Interviews for Your Sports Report

Quotations are a given for sports reports (or game stories) today.  They will add interest to the sports report. Interviews allow you to get information (quotations) you cannot by watching a game.  The purpose of interview is to get specific information that will enhance and add to your game story

Ideally, you want two or three interviews:  a coach and player(s).  However, logistics may make it necessary to get interviews from just players.  One interview is the minimum.  See me if this is the case.

  1. Conduct interviews before the game or a day after the game in a formal manner, even if you know the person, and choose an appropriate setting.  Or conduct them before and/or after the game.  If you are going with others from class to the same game, you can conduct a group interview before or after the game.
  2. Set up the interview in advance, and let the person know the purpose of the interview as well as the time you'll need. Ask if you can contact him or her for any follow-up questions.
  3. Be sure to thank the person for his or her time.
  4. Interviews should be about 10-15mins., 5-7 Questions. Have extra questions to use in case you have extra time.
  5. Review your game notes. Ask questions that will give you information you do not have.
  6. Use a variety of question types: 1.) open-ended questions--very broad, more than "yes" or "no" 2.) direct open-ended questions--broad but framed; aim for a specific focus 3.) closed-ended questions--"yes" or "no" responses or short answers 4.) restatement questions--restate previous question for modification of previous response.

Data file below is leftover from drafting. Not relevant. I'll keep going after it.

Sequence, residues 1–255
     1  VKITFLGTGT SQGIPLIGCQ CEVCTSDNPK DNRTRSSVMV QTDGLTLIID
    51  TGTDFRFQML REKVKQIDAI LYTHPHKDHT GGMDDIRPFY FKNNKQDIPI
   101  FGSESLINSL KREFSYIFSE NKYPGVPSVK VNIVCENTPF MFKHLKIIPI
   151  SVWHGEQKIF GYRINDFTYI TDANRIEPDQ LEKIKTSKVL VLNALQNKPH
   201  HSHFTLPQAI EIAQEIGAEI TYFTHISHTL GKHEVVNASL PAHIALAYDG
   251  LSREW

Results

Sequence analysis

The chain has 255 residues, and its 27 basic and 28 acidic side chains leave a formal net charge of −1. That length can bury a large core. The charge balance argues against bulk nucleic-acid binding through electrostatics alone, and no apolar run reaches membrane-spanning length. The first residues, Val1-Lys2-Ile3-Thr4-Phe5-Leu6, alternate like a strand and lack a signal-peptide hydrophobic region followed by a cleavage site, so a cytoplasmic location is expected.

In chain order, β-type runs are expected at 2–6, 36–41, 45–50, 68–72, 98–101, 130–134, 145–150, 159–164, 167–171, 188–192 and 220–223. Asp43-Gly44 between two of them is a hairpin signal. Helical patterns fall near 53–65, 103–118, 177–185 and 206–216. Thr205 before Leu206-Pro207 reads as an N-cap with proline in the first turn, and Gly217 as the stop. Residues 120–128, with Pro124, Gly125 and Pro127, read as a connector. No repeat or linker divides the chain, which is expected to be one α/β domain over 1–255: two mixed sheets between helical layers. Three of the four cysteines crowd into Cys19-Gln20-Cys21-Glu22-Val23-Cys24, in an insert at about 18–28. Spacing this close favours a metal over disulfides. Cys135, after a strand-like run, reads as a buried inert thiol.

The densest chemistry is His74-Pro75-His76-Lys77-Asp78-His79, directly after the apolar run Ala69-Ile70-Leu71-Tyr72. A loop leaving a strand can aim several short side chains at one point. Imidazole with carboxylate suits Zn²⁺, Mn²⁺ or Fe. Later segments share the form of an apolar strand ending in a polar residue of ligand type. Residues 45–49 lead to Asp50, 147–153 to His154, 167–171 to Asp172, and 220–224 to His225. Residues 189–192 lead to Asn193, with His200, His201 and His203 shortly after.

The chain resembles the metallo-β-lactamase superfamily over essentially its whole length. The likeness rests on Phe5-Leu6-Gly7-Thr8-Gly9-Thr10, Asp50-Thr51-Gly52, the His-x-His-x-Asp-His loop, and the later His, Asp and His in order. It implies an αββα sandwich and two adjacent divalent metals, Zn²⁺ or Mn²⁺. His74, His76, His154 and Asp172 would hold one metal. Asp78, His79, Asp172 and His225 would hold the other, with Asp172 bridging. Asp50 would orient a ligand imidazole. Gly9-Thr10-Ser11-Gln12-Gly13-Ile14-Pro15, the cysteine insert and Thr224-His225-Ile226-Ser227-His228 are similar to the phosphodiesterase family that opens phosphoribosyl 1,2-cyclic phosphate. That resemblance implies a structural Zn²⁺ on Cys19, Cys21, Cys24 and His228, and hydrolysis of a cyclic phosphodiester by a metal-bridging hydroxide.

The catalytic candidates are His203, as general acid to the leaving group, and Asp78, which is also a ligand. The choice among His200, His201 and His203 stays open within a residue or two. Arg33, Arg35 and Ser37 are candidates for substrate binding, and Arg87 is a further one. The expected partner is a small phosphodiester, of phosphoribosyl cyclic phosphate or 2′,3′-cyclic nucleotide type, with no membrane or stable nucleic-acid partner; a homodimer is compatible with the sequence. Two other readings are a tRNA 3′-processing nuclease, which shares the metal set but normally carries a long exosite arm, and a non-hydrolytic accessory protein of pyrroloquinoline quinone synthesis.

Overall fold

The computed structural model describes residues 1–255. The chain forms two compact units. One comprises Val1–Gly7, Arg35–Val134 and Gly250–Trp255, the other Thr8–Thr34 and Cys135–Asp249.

7. Questions should be presented to the person in a logical order (not randomly).
  8. Take careful and thorough notes during the interview; review them for accuracy and add your observations afterwards. During the interview, double check direct quotations for accuracy. Record direct quotations you think might be useful for your sports report. Use your game notes to help you.  **You can use your phone to record interviews, but always ask the interviewee before the interview if this is ok.**
  9. Be sure to thank the interviewee and ask if it is ok to contact him or her with follow-up questions.
  10. Try to do interviews in person, but it is ok to do one via phone or email if necessary. With phone interviews, speak clearly and avoid a monotone voice. It may be necessary to rely on restatement questions. With email interviews, be sure to contact the interview ahead of time and discuss the process you will use. You must be careful not to overwhelm the interviewee with long or complicated questions.